The novel was perfectly written with not a single comma out of place; however, well written sentences are meaningless if they have no ends. What good is a well written sentence if it doesn’t drive the reader to read the next and the next and the next? What One Hundred Years of Solitude lacked was that special something that would keep me reading through the night, or would keep me thinking about it even as I fell asleep waiting to read more the next day. It is a book that I put down, and as all readers and writers know, once a book is put down, it often is never picked up again. As salesmen say, “Make the sale while they’re still in the room, because there’s a good chance that if they walk out that door they’re never coming back.” And even if the person is/does come back, each time you need to treat them as though they’re never coming back. You need to sell them every step of the way, with every word, sentence and paragraph. This is what I believe One Hundred Years of Solitude lacked.
“The sinker is what really gets the fish.”
What I believe was good about reading this book was that, although it was very well written, and although I wasn’t much of a fan, reading the novel taught me that in my own experience as a reader, things need to hook you right away and keep you hooked (a la hook-line-and-sinker). There have been plenty of books throughout the years that I have started reading only to have stopped because I became bored, and there are just as many books that I started reading and liked, but stopped reading and never picked up again because I found something else more interesting. And there are also books where I’ve showed up late to work, skipped class, or missed meals, simply because I was so enamored with the writing and story that I simply couldn’t put it down (Ex: All Quiet on the Western Front). This is where my lesson was learned.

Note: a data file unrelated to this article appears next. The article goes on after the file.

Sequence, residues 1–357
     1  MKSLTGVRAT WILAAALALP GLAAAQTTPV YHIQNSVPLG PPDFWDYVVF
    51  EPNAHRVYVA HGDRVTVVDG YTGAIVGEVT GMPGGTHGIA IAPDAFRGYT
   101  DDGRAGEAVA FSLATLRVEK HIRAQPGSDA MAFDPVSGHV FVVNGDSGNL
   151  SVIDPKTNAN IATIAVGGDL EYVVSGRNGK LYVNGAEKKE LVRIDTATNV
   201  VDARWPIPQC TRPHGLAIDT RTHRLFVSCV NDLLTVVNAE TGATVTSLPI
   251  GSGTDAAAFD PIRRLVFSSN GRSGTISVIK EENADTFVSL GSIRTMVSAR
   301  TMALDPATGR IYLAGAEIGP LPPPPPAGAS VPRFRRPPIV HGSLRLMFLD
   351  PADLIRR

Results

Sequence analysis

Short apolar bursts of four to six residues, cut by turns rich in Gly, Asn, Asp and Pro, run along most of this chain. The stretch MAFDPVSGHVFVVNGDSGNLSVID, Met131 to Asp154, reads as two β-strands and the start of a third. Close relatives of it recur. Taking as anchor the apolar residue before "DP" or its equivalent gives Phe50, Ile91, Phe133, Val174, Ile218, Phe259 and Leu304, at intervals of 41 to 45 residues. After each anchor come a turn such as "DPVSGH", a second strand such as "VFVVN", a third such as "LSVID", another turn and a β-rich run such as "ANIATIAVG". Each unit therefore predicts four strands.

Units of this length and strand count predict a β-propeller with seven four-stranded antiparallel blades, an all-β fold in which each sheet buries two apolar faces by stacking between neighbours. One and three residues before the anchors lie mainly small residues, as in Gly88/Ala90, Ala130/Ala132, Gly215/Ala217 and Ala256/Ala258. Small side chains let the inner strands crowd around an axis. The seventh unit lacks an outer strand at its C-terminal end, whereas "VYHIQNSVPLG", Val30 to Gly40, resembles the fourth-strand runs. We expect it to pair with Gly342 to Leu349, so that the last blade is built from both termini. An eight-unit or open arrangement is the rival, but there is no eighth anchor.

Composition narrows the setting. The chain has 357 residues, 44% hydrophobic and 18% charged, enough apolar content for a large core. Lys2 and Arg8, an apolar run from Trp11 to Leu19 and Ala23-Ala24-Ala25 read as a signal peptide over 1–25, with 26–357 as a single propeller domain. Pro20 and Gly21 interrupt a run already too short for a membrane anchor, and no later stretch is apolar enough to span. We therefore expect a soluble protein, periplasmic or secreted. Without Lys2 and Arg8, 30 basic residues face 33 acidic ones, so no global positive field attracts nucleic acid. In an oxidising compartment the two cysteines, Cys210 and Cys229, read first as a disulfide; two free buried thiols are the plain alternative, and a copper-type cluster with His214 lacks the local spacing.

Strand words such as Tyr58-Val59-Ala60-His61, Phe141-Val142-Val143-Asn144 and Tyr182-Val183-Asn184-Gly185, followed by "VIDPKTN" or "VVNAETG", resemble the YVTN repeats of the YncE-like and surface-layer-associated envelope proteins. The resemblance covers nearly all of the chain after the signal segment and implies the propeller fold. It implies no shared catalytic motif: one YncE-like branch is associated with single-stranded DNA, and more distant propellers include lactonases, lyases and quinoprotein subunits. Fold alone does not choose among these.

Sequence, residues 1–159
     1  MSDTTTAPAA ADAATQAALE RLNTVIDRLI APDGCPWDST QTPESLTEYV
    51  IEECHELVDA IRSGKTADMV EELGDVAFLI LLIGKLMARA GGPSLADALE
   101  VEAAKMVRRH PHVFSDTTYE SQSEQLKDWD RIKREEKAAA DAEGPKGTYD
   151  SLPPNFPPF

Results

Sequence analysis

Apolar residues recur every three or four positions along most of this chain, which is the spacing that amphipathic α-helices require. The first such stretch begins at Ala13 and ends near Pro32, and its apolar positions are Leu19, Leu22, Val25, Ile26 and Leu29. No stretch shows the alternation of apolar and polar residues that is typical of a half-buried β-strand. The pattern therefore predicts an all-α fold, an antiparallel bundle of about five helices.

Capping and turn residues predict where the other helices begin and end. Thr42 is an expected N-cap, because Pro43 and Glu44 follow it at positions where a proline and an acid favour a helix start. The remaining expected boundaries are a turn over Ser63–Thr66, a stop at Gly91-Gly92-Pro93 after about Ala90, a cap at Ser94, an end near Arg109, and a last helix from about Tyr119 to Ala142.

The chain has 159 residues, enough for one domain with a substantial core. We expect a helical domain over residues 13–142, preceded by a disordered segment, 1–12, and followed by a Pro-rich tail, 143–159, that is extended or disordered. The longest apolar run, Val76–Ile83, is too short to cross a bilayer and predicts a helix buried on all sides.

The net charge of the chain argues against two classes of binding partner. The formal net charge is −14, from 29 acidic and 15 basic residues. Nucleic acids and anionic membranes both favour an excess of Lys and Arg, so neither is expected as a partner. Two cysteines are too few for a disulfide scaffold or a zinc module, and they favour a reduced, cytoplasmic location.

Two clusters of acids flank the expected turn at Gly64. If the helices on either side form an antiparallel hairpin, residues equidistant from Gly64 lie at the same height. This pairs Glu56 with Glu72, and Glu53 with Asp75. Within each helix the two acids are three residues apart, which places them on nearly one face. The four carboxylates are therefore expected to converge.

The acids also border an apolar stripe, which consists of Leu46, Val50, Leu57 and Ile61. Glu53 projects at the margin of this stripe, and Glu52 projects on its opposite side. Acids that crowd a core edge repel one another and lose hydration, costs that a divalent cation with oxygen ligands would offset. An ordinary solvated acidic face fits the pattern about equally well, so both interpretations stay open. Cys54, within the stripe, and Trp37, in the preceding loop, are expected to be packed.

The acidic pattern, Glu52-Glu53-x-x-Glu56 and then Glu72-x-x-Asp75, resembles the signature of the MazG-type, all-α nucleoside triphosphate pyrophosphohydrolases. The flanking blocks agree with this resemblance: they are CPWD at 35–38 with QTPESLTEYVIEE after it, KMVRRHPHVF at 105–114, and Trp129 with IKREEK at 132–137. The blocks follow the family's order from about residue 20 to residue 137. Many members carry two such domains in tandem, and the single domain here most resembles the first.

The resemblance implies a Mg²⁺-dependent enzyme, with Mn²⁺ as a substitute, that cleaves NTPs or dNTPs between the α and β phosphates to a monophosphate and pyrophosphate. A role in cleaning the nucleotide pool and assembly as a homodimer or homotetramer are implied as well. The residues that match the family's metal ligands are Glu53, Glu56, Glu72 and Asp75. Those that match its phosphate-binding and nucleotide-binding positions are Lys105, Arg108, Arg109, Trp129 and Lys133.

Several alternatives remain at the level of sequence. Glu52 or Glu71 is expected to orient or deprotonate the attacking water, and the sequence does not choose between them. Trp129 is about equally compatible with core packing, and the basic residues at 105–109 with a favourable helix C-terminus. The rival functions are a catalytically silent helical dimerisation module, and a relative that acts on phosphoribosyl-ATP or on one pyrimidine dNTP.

The sinker is what really gets the fish. That’s how you know you’ve got them for sure. And for One Hundred Years of Solitude I was hooked and followed the line but never reached the sinker. I never got to that point. But through an in-depth analysis and meditation on my own writing I have seen how I have used this correctly and incorrectly in the past and how to better use it in the future. The key I believe it to hook the reader at the very beginning, preferably with the first sentence, paragraph or page, and then have them follow the line until they reach the sinker which has to be something big. Once you have them hooked the key is to not have too much distance between the hook and the sinker. If there’s too much distance a fish can figure out what’s going on and break free and a reader can become bored and move on. But the hook and sinker must be on the same line. For One Hundred Years of Solitude the hook went to a different line, I followed that line which only led to another hook, I followed that new line which only led to another hook, on and on down until the book was done and I realized that I had never been hooked-line-and-sinkered, and had only continued reading because it was a requirement for school. In my own writing I now realize that to keep a reader reading it is not enough to merely hook them and have them follow a line but I also need to have something big in the story that will keep the reader reading even if it means missing work or school. Now, how to do that, is the real question, and I will now look for it in the books that have done it to me in the past and that will do it to me in the future.
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1 thought on “Annotative Essay on the book: ‘One Hundred Years of Solitude,’ by Gabriel Garcia Marquez”
Just couldn’t get through this book–for all the reasons you mentioned but primarily because of it’s depressing subject matter. How much incest and lack of character and moral fortitude can one take in a book?